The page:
Getting around London on two wheels has never been easier, but we’re not talking about cycling here. London is reputed to be one of the most wheelchair accessible cities in the world, and that inclusivity is cause for celebration. We can, however, do better. Because while many of the main tourist attractions are near one another, and doable by pavement, others tend to the far flung, presenting problems to those with mobility issues wanting to use public transport. It’s important then, to be savvy and educated before setting out for a day of adventure in the capital. So, whether you have a folding wheelchair from Pro Rider Mobility or mobility scooter, here are 6 IDEAL wheelchair accessible travel tips for London tourists.


The London Underground is infuriating at the best of times and with just a handful of underground stations fully accessible, those in a wheelchair should consider giving the tube a swerve all together. Parts of the network are more than 150 years old (a time when accessibility wasn’t thought about as considerately as now) and today only 71 out of 270 tube stations are accessible by wheelchair. As such, chances are the station you’re leaving from and your destination may well not be wheelchair friendly.

While London still needs to spend some pennies on disabled access, if you do want experience the underground, then make use of the step free tube map guide.You can also plan your route on TFL, adding your requirements and preferences to the journey. Oh, and all the stations with lifts have staff on hand with ramps to assist you onto the tube, so just ask.


One of the easiest and cheapest (and in our view, best) ways to travel around London is by bus. All London buses are low-floor and fitted with a hydrolic ramp and as such, are able to ‘’kneel’ to the curb making it easy for wheelchair users to roll on. They also have a designated space for wheelchairs from which you can see the streets of London as you travel. And the best bit? You can travel on London buses for free if you are a wheelchair user. Some of the best routes include:

  • The number 11, which begins at Liverpool Street and ends at Victoria Station, passes many iconic must-see sights including St Paul’s Cathedral, Trafalgar Square, The Houses of Parliament and Westminster Abbey.  
  • The number 73 is another good one, starting at Victoria and finishing in uber trendy Stoke Newington. Taking you past Buckingham Palace Gardens, Hyde Park, Marble Arch and along the whole stretch of busy Oxford Street and through Islington, you get to see London in all its glory.


You can’t come to London without experiencing one of the city’s iconic black cabs, all of which are wheelchair-accessible (well, the licensed ones anyway). Known as ‘The Knowledge’ – which you’d be forgiven for thinking is some sort of London cult – is something all cabbies must know in order to get their license. This involves learning by heart the some 320 routes through the 25,000 streets of London. This atlas of London, imprinted in black cabbies brains typically takes between two and four years to learn and part of the process involves having to remember 100,000 landmarks and being able to navigate between them. These black cabs are easy to hail from the street, but you can also make advanced bookings online or via the phone by this one number: 0871 871 8710.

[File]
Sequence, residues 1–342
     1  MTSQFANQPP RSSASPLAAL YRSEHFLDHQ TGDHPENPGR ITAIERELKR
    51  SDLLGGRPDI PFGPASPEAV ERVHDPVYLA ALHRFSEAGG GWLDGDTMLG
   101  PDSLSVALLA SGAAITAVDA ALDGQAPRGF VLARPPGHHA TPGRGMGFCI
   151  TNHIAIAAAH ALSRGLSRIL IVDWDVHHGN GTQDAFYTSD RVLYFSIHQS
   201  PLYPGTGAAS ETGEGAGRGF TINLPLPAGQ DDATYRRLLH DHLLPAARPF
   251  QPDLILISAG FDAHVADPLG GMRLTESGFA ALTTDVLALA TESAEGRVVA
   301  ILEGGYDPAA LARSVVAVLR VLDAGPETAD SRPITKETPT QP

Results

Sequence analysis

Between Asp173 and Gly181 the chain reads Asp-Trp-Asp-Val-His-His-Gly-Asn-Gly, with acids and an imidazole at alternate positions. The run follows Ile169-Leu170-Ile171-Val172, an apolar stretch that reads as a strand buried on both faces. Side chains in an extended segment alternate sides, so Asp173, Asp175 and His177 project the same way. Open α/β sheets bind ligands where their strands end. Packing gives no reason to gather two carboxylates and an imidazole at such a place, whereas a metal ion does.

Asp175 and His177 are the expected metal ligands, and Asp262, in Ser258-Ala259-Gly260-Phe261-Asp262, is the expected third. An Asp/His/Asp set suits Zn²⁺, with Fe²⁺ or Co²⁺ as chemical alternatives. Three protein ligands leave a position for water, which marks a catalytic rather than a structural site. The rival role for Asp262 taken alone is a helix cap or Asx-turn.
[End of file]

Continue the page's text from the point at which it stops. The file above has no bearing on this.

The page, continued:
From sightseeing tours by bus to guided museum trips, there are many accessible tours of London available, however one of the best has got to be by boat. Indeed, one of the easiest and most picturesque ways to see the sights of London is by cruising down the Thames. Setting sail at sunset serves up spectacular, scenic views of London, and is a great way to see day turning to night in the capital.


When visiting any big city, if you don’t plan your trip it can be a completely different experience, full of stress, frustration, and most crucially, wasted time. Therefore a little research goes a long way; essential for you to really enjoy London. While many tourist attractions have accessible side entrances, some don’t, so it’s wise to call ahead first and check if it exists and where exactly it’s located, that way you’ll know where to go as soon as you arrive, giving you more time to take in the sights.

It’s also important to be aware of where won’t be so accommodating. London’s West End, for instance, is home to some of the oldest theatres in the world, with some up to 400 years old. While these historic places of performance are stunning, the drawback is that disabled access is often limited. Therefore, if you’re planning on going to see a show, it’s a good idea to call ahead first to see if the show you’re thinking of seeing meets your requirements.


To avoid any hiccups, make sure you have everything that you need for a big day out in the city. If you have an electric wheelchair, then bring a spare charger just incase. A phone to call those black cabs is a good idea too. Also, lots of cafes, pubs and tourists attractions across London have accessible toilets that are part of the National Key Scheme (NKS).This offers disabled people independent access to locked public toilets across London and around the country. If you’re entitled to one, it’s a good idea to get it sent to you before your tip.